There have been reports in the media of the deaths of two fishermen at the hands of the Sri Lankan Navy, after they strayed into the waters of Sri Lanka in January 2011.  These actions of the Sri Lankan Navy must be condemned in no uncertain terms.  The Government of India, on the other hand, has asked for details of the events and has not come out strongly against these atrocities.

The former Chief Minister of Tamil Nadu, Mrs. Jayalalithaa is quoted as saying "India is the largest country in Asia. While other countries dread the military might of India, a small country like Sri Lanka has dared to brutally murder our fishermen."  Further, she has used the incident to target the current Chief Minister Mr. M. Karunanidhi for being callous. While Mrs. Jayalalithaa may be complimented for her concern for the fishermen, her arrogant imperious attitude as a torchbearer of Indian imperial ambitions must be rejected.

Reports also say that some coastal communities are planning to ask for political asylum in Sri Lanka so that they can fish safely in the waters close to the Palk Straits, thereby satirizing the treatment that have received both at the hands of the Government of India, as well as at the hands of the Sri Lankan Navy.

These events are not new, and the brutality of the Sri Lankan Navy is quite well known to those living in the coastal area of Tamil Nadu.  What is new is that total lack of commitment of the Government of India to do anything about the state of affairs, especially due to its new found love for the current regime in Sri Lanka.  India views Sri Lanka as a long term strategic partners in its aim to emerge as the regional superpower, and also in its emerging `Look East’ policy. Control of maritime trade routes is an important cornerstone of its policy.  Furthermore, having invested a lot of its strategic reserves through logistical and material support to the Sri Lankan state during the last Eelam war, the Government of India would not like to do anything to rock this love affair.  The lives of poor fisherfolk is hardly worth a dime for the Government of India as it plays out its strategy on the regional chess board.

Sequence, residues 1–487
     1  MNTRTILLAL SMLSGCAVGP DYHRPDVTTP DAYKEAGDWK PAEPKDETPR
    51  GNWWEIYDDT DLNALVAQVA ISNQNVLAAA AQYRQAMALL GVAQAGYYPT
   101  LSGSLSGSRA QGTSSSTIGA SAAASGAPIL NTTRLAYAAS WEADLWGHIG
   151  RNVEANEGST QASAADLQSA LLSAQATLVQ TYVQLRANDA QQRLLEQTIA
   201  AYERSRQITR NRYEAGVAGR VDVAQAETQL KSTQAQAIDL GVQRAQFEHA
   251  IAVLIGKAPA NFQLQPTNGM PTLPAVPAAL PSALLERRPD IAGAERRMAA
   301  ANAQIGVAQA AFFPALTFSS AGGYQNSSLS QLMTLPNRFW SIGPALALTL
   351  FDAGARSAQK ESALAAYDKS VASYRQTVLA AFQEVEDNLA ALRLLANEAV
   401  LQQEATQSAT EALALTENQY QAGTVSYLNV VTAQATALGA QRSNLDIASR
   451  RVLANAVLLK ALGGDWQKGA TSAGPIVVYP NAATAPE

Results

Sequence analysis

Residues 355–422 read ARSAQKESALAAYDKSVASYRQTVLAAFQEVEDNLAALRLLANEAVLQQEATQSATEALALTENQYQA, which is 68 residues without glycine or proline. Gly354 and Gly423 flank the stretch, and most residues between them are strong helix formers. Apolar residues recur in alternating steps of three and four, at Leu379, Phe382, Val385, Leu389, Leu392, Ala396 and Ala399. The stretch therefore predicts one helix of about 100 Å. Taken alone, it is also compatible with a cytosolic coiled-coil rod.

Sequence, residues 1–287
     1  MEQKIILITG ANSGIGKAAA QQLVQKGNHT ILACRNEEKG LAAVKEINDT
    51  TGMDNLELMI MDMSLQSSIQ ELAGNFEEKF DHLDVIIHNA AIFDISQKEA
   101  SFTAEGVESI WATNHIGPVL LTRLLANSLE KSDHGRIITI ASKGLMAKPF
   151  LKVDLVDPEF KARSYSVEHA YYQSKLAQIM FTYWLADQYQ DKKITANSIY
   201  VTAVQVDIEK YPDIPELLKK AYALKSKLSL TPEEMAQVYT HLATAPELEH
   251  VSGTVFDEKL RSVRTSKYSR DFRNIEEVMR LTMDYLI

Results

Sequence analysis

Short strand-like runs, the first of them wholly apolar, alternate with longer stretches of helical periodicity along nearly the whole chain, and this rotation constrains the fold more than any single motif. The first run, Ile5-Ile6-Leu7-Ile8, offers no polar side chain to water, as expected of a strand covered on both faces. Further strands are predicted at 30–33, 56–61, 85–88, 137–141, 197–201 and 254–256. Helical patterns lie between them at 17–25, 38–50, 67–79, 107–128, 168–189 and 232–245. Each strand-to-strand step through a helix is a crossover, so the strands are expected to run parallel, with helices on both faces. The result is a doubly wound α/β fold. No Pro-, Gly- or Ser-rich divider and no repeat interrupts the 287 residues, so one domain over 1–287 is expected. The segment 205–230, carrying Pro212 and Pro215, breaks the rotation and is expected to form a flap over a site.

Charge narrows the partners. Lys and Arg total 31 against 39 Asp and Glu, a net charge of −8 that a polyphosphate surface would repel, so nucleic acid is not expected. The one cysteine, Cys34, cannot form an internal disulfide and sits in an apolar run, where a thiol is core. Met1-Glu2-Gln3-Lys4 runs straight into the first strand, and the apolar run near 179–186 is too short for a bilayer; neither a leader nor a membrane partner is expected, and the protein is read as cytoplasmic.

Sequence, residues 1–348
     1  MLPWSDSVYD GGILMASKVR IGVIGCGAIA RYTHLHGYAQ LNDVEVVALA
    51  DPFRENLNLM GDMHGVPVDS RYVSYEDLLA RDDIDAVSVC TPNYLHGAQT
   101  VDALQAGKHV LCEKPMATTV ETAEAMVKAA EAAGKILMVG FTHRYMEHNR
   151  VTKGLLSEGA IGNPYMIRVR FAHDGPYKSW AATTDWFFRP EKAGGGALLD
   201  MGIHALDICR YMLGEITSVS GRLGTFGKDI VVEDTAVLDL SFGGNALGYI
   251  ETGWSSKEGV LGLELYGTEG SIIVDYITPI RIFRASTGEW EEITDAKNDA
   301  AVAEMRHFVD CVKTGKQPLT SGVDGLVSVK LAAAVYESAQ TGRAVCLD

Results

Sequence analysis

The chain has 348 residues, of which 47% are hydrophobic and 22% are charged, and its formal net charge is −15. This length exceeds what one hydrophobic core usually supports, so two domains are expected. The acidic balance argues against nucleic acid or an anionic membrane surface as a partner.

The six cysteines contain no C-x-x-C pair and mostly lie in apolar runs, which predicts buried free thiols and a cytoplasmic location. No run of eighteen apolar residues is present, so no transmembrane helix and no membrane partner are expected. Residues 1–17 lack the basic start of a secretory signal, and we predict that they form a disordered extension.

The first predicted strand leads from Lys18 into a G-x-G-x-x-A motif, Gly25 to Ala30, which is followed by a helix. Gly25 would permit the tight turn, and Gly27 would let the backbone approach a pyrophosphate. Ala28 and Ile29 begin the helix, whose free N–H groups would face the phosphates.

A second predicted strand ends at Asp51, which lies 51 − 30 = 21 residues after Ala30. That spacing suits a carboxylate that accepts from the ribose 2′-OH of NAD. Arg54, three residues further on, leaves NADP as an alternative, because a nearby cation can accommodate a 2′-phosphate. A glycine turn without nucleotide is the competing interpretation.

A state that cannot guarantee the life and methods to sustain livelihood is guilty of derogation of duty and should be made answerable to the citizens. All justice seeking Indian people must call upon the Government of India to condemn the murder of the fishermen, bring pressure to call for a thorough investigation, and to seek guarantees that no events of this sort are repeated.

B. Ananthanarayan

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